In the past month, I’ve had about 5 or 6 of these messages. I’m pretty sure in every single case, I was actually already using the product they wanted to talk to me about it. Granted I’m not sharing online that I use these products, so I understand they don’t know I already use them. However, I think that that goes to show, that there are people on our friends list, in our life, or people we follow on social media – people we already have that personal connection with – that are also selling that product or a similar one.

The way I see it is we are about 12 million percent more likely to purchase a product/join a team/etc. from someone we have a personal connection with over someone who sends us a cold message, who we have no connection with. So why waste your time cold messaging people you haven’t spoken to in so long? Why not instead focus on your family and friends list.

A Few Tips

If you are part of a networking marketing business, here are a few ways you can market your business and/or product in a non-icky way. My suggestions are the same no matter what business you are in or a part of.

Build Your Personal Brand

Show your face on social media, connect with people you enjoy following or who enjoy following you, spend time on social media actually being social and being authentic. Show them you are human. Be thoughtful and nice online so people want to follow you and interact with you. Work to build those relationships so people not only know you but also begin to like you and trust you. That is what is going to drive sales.

It Takes Work

But I think the reason that people don’t default to this option is because it’s not the easy option; it takes work. But that is building a business. I don’t care if you are working with a network marketing company or starting your photography business from ground zero. Building a business takes work, and you don’t get a pass at that. It’s just the way it is, but that’s not a bad thing. The work it takes to build a business can be fun and exciting and bring growth.

Don’t Skip the Messy Stuff

If you are trying to skip over that and go straight for the hard sell, you are missing out on all the messy stuff in the middle that makes up a legitimate, sustainable business. By creating something that just sort of passively attracts people, as opposed to going out and being very aggressive and trying to capture an audience, your business is much more thoughtful and real. And putting that work in makes you a better business owner, making your business more sustainable.

Don’t Tie Yourself so Tightly to the Sales

Think about this: what happens if in a year this network marketing company doesn’t exist or you no longer like the product or you just want a change of pace? If you’ve been building your personal brand, all of that will go with you. It makes it so much easier to pivot to where you want to go next or to your next venture, because you’ve built a personal brand, you haven’t just built another brand. You aren’t just a person selling ___ (fill in the blank). You are a real human being, and human beings are allowed to have interests and passions, and those things can change and evolve.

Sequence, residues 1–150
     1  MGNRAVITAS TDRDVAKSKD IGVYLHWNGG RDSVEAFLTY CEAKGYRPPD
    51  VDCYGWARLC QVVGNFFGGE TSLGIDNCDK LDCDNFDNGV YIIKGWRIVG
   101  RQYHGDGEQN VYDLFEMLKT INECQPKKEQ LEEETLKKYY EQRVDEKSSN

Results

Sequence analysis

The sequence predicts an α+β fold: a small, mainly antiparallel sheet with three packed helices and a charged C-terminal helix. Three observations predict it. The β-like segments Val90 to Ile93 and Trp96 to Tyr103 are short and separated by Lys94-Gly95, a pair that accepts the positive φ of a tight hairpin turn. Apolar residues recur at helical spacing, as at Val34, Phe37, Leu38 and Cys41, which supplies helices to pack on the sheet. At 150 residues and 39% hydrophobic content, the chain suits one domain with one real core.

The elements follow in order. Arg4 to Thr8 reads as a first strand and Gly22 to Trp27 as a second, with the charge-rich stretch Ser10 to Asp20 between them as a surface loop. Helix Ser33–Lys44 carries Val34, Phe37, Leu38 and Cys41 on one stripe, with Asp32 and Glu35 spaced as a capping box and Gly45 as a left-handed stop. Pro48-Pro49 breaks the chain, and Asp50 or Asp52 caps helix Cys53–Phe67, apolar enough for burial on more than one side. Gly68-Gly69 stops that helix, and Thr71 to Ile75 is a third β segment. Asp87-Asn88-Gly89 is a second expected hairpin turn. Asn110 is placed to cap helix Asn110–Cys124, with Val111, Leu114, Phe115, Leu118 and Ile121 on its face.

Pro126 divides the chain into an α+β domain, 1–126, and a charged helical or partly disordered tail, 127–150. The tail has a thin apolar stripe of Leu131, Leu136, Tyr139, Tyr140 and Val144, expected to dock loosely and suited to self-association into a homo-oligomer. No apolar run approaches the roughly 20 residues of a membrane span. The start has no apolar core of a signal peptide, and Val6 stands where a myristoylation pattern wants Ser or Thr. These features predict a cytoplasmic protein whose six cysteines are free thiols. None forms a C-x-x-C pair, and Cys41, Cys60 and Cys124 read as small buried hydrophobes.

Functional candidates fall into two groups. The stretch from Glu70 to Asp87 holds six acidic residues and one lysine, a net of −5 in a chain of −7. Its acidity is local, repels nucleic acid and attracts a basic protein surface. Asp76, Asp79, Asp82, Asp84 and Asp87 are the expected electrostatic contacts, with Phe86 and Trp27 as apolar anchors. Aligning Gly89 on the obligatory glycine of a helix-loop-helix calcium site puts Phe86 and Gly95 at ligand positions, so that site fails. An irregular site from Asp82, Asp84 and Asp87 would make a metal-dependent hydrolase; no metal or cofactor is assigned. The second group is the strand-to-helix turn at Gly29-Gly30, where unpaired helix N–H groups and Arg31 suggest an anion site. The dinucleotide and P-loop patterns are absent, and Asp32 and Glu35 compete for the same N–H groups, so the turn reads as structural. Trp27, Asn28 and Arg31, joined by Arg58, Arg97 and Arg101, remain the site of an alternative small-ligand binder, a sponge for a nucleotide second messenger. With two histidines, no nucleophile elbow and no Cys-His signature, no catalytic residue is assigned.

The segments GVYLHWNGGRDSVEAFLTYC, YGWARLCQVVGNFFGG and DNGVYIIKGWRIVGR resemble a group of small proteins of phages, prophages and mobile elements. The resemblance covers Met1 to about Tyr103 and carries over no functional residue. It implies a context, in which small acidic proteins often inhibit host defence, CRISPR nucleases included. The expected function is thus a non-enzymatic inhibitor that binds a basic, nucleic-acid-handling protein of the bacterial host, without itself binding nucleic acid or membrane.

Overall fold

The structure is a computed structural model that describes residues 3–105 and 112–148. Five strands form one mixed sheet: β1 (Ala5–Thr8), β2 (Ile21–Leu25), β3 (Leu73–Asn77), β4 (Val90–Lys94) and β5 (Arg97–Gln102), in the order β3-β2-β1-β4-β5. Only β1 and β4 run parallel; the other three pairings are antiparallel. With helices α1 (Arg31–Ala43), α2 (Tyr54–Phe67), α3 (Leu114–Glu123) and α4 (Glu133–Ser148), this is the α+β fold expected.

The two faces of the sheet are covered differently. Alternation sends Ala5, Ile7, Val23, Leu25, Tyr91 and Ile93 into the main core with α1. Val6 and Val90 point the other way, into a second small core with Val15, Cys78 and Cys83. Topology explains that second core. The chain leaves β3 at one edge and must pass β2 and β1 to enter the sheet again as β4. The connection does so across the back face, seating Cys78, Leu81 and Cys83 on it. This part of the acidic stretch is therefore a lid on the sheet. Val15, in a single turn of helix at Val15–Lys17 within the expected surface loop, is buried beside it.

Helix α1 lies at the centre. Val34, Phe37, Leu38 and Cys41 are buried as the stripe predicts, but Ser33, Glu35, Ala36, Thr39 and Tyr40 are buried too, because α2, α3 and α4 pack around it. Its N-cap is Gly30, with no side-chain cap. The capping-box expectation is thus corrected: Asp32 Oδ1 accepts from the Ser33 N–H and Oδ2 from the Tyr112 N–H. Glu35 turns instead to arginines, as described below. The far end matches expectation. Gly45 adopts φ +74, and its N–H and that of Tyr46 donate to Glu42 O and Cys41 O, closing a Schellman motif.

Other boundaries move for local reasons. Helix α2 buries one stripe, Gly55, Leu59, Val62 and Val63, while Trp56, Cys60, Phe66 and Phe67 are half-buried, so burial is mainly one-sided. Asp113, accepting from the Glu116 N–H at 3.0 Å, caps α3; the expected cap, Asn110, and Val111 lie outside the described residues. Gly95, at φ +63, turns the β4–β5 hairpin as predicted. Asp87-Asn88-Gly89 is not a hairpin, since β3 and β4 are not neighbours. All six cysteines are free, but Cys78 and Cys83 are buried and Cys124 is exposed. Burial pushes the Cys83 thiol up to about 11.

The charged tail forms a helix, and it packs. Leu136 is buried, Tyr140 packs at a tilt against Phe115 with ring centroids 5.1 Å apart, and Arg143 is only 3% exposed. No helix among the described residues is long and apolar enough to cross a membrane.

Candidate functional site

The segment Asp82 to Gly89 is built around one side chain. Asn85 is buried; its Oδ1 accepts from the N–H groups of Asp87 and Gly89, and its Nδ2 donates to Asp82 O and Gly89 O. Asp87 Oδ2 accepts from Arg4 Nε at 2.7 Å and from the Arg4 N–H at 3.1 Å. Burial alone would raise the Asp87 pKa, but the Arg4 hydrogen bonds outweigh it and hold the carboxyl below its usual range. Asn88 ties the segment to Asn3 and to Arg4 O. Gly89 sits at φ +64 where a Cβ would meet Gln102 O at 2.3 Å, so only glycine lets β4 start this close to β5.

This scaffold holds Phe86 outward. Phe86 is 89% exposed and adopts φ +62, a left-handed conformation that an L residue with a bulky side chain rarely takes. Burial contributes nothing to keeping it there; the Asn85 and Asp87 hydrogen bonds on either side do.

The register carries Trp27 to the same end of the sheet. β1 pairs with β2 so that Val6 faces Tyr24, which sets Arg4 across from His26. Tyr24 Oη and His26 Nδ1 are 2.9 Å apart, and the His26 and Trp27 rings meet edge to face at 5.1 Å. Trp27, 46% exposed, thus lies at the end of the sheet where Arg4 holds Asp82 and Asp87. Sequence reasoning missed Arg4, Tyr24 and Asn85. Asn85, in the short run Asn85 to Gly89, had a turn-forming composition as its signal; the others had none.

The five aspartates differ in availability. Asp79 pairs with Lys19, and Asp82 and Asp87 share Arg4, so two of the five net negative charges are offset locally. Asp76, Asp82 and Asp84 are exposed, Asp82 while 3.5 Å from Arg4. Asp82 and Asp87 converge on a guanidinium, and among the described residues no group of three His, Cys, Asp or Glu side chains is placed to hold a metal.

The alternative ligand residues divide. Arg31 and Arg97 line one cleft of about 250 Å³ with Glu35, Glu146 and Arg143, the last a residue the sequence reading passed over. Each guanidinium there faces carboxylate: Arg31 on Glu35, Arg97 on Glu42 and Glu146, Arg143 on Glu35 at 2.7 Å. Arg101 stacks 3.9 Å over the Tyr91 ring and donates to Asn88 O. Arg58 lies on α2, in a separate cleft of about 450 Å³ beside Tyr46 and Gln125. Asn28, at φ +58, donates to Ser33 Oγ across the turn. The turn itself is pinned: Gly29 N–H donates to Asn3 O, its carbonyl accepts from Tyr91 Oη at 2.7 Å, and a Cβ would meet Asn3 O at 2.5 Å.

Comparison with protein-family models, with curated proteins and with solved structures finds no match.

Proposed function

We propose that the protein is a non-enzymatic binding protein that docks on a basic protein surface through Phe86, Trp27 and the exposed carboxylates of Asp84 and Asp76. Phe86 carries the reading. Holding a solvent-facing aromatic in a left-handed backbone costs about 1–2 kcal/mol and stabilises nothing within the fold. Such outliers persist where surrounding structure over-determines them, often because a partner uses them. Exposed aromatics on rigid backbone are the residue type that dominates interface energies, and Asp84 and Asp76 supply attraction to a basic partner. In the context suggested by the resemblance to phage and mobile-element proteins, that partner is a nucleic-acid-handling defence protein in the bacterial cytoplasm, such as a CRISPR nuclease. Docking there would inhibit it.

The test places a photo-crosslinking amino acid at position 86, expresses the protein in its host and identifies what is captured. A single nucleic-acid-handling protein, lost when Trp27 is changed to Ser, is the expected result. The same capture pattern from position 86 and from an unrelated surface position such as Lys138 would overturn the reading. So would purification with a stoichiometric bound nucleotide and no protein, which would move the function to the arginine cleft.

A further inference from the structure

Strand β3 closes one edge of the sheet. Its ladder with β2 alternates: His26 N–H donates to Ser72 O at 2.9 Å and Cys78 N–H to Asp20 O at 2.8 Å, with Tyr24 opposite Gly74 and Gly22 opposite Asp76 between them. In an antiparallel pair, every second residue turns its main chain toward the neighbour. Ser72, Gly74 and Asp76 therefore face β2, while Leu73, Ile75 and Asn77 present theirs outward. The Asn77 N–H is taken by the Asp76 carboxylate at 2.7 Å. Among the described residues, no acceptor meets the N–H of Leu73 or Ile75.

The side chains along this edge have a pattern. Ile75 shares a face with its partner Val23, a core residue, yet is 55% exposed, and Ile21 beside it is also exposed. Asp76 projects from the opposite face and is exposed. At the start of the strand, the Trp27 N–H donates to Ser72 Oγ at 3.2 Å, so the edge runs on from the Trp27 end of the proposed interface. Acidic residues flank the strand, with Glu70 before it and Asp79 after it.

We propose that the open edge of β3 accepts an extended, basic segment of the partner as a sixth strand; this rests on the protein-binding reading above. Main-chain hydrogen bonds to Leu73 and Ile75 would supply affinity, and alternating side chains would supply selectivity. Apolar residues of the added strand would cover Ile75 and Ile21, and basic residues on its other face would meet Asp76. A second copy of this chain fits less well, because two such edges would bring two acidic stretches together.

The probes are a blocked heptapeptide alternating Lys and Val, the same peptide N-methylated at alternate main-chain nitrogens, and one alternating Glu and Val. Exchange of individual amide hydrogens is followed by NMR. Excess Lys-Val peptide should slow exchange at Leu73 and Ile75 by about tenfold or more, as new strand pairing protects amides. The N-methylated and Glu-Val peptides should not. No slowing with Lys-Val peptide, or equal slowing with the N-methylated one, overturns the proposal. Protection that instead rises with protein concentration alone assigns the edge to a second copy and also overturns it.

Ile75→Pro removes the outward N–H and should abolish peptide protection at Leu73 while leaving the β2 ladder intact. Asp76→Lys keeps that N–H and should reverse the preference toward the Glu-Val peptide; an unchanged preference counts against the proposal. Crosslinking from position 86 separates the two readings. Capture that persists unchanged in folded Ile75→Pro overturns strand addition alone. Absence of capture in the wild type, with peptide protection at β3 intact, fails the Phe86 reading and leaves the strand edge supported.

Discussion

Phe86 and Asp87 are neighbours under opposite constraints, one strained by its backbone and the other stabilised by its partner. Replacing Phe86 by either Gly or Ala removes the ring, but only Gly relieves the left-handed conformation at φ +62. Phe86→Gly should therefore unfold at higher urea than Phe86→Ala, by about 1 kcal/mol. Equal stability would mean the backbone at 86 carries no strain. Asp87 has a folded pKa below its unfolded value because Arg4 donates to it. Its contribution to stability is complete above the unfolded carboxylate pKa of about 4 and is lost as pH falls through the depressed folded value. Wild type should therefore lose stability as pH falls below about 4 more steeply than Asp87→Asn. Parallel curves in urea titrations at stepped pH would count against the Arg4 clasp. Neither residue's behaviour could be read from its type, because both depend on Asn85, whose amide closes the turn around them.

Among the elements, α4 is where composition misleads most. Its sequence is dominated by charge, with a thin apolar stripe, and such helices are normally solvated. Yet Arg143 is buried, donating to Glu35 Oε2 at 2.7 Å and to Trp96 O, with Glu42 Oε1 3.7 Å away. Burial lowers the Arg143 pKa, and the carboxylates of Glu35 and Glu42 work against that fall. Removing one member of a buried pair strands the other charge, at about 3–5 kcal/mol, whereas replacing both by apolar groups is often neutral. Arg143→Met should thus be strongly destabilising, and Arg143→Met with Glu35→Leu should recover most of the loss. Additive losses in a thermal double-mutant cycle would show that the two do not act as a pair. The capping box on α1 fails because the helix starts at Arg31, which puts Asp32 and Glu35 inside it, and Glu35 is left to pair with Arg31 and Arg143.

But if you are tying yourself so closely to sales, sales, sales, and you aren’t thinking about the bigger picture, you miss out on the opportunity to have that. So, let’s be done with the cold messages. They are just a marketing tactic that needs to die.

Focus on Your Audience

And with that, we need to stop seeing others a dollar signs. It’s not fair to look at someone and think about how much money they can make you. Instead, take a step back and see people for who they really are and understand how you can help make their lives better and how you can serve them, whether they are paying you or not. When you approach it through that lens, no matter your business, you are creating a business that people want to interact and engage with.

When I receive a cold message from someone who is just trying to sell me something, I feel like a number and like I’m not being seen. I also can’t help but think this person copy and pasted this message to 20 other people, and that doesn’t help make you feel good. People want to be seen and heard and understood.

And we can do this as business owners if we look at this through the lens of serving and not through the lens of “how many sales can I make.” I can tell you from experience, if you are thinking serving first and sales second, the sales will come. And honestly, that feels so much better as a business owner.

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If I’m giving you my elevator pitch, I’m a Sioux Falls, South Dakota, brand photographer and educator for creative women.